The ex-nanny of actors Jason Sudeikis and Olivia Wilde has filed a disability bias suit against the stars in California court alleging she was immediately fired after requesting medical leave to manage her chronic stress and anxiety brought on by the actors’ breakup.
Ericka Genaro, according to the lawsuit, worked as a nanny to the former couple’s two kids since 2018. Genaro is accusing Sudeikis, Wilde and ML Management LLC of discrimination and failure to accommodate her disability under the state of California’s Fair Employment and Housing Act (FEHA). They are also being accused of retaliation as described under the act of failure to engage in the interactive process as required by CA law.
Sudeikis and Wilde’s joint response was, “As parents, it is incredibly upsetting to learn that a former nanny of our two young children would choose to make such false and scurrilous accusations about us publicly,” the statement said in October. “Her now 18-month long campaign of harassing us, as well as loved ones, close friends and colleagues, has reached its unfortunate apex. We will continue to focus on raising and protecting our children with the sincere hope that she will now choose to leave our family alone.”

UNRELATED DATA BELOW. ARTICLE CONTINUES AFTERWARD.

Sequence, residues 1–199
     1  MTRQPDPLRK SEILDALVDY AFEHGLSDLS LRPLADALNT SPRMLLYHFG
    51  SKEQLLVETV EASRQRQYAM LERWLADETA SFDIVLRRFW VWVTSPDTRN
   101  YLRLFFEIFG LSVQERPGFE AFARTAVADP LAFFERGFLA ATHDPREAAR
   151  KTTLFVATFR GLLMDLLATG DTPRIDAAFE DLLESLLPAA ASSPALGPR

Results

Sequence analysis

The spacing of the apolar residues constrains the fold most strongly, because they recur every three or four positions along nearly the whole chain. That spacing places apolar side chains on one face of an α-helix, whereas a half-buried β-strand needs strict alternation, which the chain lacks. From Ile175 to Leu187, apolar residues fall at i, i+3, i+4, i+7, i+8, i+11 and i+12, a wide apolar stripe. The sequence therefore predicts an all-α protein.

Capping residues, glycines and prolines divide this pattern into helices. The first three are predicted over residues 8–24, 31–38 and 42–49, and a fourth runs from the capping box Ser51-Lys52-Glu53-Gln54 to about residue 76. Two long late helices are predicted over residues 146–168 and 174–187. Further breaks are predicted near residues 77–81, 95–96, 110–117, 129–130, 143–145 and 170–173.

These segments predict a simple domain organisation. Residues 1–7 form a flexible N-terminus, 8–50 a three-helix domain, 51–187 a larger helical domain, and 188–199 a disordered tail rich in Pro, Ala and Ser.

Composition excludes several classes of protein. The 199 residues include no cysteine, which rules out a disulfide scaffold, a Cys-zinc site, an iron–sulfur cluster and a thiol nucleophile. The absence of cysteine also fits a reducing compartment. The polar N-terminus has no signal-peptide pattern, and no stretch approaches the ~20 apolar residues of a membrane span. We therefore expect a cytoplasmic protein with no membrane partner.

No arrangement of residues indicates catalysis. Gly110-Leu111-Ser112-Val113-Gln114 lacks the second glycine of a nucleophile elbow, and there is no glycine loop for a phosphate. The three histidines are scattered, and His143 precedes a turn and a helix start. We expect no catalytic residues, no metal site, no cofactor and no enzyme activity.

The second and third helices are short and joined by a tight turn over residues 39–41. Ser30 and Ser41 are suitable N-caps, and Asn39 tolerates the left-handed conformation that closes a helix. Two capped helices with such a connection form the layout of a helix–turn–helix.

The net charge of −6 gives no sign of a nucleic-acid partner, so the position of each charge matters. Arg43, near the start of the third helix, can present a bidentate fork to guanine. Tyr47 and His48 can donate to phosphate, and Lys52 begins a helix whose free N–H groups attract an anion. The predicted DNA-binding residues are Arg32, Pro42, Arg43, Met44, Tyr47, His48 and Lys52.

After Wilde “abruptly” left the home she had shared with Sudeikis and the children in November 2020, Genaro’s “anxiety from the situation in the … household became close to unbearable,” the lawsuit says, as Sudeikis allegedly leaned on Genaro’s presence for support. Genaro’s role with the children’s lives then increased “exponentially” as she was asked to spend time with them on the weekends when Wilde normally would have been around.
Within hours of Sudeikis learning about Genaro’s requested medical leave, he demanded they speak and he “terminated her on the spot.” Genaro claims she was thrown out of the house and told to go to a hotel, according to the suit, and was unable to get any support from Wilde. She believes the firing “was because of her disability of anxiety/depression, and for seeking reasonable accommodations in the form of a three day leave of absence for the same.”
“Ms. Wilde and Mr. Sudeikis really stepped in it by firing my client when she needed a 72-hour break from the emotional chaos their split created, as prescribed by her physician," said Ron Zambrano, Genaro's attorney. "Employees are most vulnerable when they need time off to care for themselves. Laws are in place for just that reason, to afford them peace of mind to take that time without fear of losing their jobs."